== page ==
Now I get to Chapter 7 of the Apocalypse. So much has been written about those seven seals in that chapter. And not all that is written seems to coincide.

But the opening, which states “I saw the Lamb open one of the seven seals” holds much hope for me. Whereas in the previous chapter the big question was “Who is worthy to open the scroll and break its seals?” there is no question here. The Lion of the Tribe of Judah, the Root of David, the Lamb of the world who was slain for sinners, is worthy. He as authority. And whatever he allows, is in place. He is the only one who can be trusted to do what is 100% correct, what is fitting and right.

So does the warning of plagues etc. fill me with fear? No.  Even the slaughtered saints anticipate their vindication, “Sovereign Lord, holy and true, how long will it be before you judge and avenge our blood on the inhabitants of the earth?”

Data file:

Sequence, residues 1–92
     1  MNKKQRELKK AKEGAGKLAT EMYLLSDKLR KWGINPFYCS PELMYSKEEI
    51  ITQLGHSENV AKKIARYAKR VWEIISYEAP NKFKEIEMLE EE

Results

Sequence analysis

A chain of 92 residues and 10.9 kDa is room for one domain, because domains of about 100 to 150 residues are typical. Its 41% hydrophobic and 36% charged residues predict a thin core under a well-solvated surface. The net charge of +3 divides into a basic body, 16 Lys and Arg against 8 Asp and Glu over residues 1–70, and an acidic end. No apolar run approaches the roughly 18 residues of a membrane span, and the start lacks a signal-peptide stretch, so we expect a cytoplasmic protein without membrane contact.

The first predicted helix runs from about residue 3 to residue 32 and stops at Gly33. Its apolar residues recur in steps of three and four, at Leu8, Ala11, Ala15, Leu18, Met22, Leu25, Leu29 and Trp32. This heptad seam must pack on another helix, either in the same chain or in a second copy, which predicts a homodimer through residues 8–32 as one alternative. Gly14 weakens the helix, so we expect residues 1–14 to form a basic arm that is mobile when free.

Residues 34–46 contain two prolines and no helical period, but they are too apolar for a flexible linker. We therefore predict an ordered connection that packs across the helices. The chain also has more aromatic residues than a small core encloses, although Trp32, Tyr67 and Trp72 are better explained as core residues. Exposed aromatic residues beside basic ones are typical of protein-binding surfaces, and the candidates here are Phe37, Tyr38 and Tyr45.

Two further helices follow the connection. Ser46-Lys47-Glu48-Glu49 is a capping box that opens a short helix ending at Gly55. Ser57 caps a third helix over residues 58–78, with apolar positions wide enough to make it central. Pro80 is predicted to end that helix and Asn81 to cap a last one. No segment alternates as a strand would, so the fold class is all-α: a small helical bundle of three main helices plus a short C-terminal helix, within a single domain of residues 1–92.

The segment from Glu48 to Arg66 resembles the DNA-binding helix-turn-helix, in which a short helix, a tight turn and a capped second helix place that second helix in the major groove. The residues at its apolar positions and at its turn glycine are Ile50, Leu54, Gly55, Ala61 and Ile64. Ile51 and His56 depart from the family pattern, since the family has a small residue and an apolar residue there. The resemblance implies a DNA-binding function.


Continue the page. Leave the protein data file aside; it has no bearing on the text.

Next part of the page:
For them, and for all who suffer, pain always lasts too long; but while weeping may endure for a whole night long, joy always arrives at morning time!

It may seem like God has no purpose in waiting long while people seem to suffer. But here is what the writer of 1st Peter tells us. “The Lord is not slow about his promise, as some think of slowness, but is patient with you, not wanting any to perish, but all to come to repentance.”

So the very end that we may wish for, might be delayed for the sake of others. This sounds harsh; but the cross is harsh. Jesus didn’t deserve it. However, the shameful cross was an instrument in opening the way for the world of sinners. A harsh and humbling and shameful thing, a travesty of justice it would seem. But that cross held power. The one who died this shamefully delivers all who shamelessly put confidence in him.

So whatever the seven scrolls have in record- the enemy who seeks to kill and to destroy, injustice, destruction, peril, damnation – the tribulations to be feared; fear not. The Lamb of God is worthy to defend us in this and the last day.